Returning therapy clients: Determining prevalence rates and identifying predictive variables

Staff who work in college counseling centers are aware that many clients discontinue services only to return to treatment at a later time. Thus, a longstanding question within the field of collegiate mental health is how often do clients return for subsequent courses of services and are there signs or predictors that might signal if a client is more likely to return to services. To examine this further at CCMH, Kilcullen et al. (2020) evaluated the rates at which clients return for additional courses of therapy in university counseling center (UCC) settings and a range of associated variables.

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Rates of Discrimination and Racial/Ethnic/Cultural Concerns Among College Students Seeking Counseling Services

Recent national events have renewed our collective focus on racial injustice and the experiences of discrimination and racial, cultural and ethnic concerns. In an effort to contribute to this dialogue, CCMH took a closer look at the frequency in which students initiate counseling with discrimination and/or racial, cultural or ethnic concerns as primary presenting problems. To accomplish this, CCMH examined responses from the Clinician Index of Client concerns (CLICC), which is a checklist of possible presenting problems that is completed by the clinician after evaluating a student who is seeking mental health care. “Discrimination” and “Racial, ethnic, or cultural concerns” are two presenting problems that therapists can choose from a comprehensive checklist of more than 40 problem areas. Clinicians can “check all that apply” within the list of concerns. “Anxiety” and “Depression” have historically been assessed as the most common primary presenting problems experienced by college student seeking services (2019 Annual Report, p.15). Examining a large national sample of 82,685 clients from 98 college counseling centers during the 2018-2019 academic year, CCMH found that clinicians identified Discrimination as a presenting problem for 0.7% of clients and Racial, ethnic, or cultural concerns was selected for 2.7% of clients. Zooming in, it was discovered that the frequency of these presenting concerns varied considerably between majority and minority identity groups. CCMH has outlined the findings below (Please note, these data reflect the rates in which clinicians identify Discrimination and Racial, ethnic, or cultural concerns as primary presenting problems for students entering treatment and do not measure the percentage of clients who report a history of these problems):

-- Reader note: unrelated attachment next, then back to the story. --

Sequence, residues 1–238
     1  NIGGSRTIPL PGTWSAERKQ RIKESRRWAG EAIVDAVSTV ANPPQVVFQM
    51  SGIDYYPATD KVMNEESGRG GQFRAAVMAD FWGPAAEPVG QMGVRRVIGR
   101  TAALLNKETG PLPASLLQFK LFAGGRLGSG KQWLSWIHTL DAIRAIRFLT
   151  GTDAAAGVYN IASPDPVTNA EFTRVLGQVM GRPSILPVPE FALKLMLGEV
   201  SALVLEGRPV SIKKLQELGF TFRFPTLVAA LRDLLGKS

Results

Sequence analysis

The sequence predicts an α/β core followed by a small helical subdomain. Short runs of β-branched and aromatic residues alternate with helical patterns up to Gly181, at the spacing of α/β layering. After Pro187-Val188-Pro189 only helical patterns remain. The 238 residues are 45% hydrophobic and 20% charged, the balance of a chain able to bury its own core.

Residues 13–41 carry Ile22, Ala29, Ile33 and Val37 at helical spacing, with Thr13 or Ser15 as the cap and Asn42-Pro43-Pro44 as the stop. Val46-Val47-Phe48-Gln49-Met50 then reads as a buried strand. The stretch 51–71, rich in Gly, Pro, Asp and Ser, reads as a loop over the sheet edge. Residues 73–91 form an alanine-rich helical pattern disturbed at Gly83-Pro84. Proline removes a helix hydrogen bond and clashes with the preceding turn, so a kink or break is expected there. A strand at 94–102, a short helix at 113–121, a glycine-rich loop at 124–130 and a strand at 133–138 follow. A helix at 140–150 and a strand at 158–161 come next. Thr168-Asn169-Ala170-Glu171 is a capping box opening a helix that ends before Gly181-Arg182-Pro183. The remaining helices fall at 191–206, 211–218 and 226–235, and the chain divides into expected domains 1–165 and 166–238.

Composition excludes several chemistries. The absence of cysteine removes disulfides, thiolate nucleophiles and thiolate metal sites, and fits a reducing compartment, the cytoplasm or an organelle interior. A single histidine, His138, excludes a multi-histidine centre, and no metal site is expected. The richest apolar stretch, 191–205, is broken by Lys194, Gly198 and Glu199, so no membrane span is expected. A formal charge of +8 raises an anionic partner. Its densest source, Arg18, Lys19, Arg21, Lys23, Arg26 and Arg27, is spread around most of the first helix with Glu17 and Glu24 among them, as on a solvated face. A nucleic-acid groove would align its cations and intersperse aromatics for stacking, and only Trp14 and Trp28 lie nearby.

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COVID Impact on College Student Mental Health

COVID-19 has resulted in widespread concern about college-student’s mental health – both during the spring of 2020 and forecasting into the future. Recent surveys of college students have suggested that that college students’ psychological distress increased significantly following the COVID-19 response and shutdowns in March 2020. Because CCMH continuously pools national data from students seeking mental health services at college counseling centers, we were curious to see if our data support this hypothesis.

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